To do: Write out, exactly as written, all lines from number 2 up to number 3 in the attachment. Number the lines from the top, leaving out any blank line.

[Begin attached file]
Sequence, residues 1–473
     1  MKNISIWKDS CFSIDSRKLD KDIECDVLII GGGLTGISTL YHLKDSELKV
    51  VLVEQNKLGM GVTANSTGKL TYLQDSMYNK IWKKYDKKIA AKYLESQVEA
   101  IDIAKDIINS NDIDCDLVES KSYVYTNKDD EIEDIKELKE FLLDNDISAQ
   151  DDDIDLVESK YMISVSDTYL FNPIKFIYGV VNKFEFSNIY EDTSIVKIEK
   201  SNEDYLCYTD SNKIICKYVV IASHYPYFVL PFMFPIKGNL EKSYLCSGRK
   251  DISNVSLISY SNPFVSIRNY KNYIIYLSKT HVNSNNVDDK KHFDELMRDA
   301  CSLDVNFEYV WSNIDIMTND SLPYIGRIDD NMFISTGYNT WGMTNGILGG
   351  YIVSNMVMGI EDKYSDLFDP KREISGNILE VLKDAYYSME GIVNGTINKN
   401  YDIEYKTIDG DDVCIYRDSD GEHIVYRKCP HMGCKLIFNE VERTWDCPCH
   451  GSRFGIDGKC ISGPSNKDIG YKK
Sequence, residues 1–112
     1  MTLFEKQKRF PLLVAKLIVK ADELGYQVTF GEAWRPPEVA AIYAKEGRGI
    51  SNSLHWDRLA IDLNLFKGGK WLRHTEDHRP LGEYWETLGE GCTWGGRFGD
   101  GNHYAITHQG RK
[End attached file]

     1  MKNISIWKDS CFSIDSRKLD KDIECDVLII GGGLTGISTL YHLKDSELKV
    51  VLVEQNKLGM GVTANSTGKL TYLQDSMYNK IWKKYDKKIA AKYLESQVEA